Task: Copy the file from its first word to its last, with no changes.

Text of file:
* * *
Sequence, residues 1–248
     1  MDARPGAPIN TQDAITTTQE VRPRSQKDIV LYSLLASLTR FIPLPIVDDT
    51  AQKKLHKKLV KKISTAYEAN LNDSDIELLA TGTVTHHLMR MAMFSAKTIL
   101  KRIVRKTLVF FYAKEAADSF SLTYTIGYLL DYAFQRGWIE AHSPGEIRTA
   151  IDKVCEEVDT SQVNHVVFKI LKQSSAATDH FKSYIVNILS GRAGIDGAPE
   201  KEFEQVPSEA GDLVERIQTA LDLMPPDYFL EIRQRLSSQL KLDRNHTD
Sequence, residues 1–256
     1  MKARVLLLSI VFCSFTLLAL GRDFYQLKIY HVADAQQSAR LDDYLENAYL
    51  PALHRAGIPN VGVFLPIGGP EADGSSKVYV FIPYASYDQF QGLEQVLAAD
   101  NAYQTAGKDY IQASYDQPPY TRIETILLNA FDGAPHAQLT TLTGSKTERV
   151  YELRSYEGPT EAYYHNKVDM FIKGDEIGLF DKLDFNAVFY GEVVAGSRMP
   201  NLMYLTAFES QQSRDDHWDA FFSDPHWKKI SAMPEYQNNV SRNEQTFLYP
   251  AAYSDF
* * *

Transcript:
Sequence, residues 1–248
     1  MDARPGAPIN TQDAITTTQE VRPRSQKDIV LYSLLASLTR FIPLPIVDDT
    51  AQKKLHKKLV KKISTAYEAN LNDSDIELLA TGTVTHHLMR MAMFSAKTIL
   101  KRIVRKTLVF FYAKEAADSF SLTYTIGYLL DYAFQRGWIE AHSPGEIRTA
   151  IDKVCEEVDT SQVNHVVFKI LKQSSAATDH FKSYIVNILS GRAGIDGAPE
   201  KEFEQVPSEA GDLVERIQTA LDLMPPDYFL EIRQRLSSQL KLDRNHTD
Sequence, residues 1–256
     1  MKARVLLLSI VFCSFTLLAL GRDFYQLKIY HVADAQQSAR LDDYLENAYL
    51  PALHRAGIPN VGVFLPIGGP EADGSSKVYV FIPYASYDQF QGLEQVLAAD
   101  NAYQTAGKDY IQASYDQPPY TRIETILLNA FDGAPHAQLT TLTGSKTERV
   151  YELRSYEGPT EAYYHNKVDM FIKGDEIGLF DKLDFNAVFY GEVVAGSRMP
   201  NLMYLTAFES QQSRDDHWDA FFSDPHWKKI SAMPEYQNNV SRNEQTFLYP
   251  AAYSDF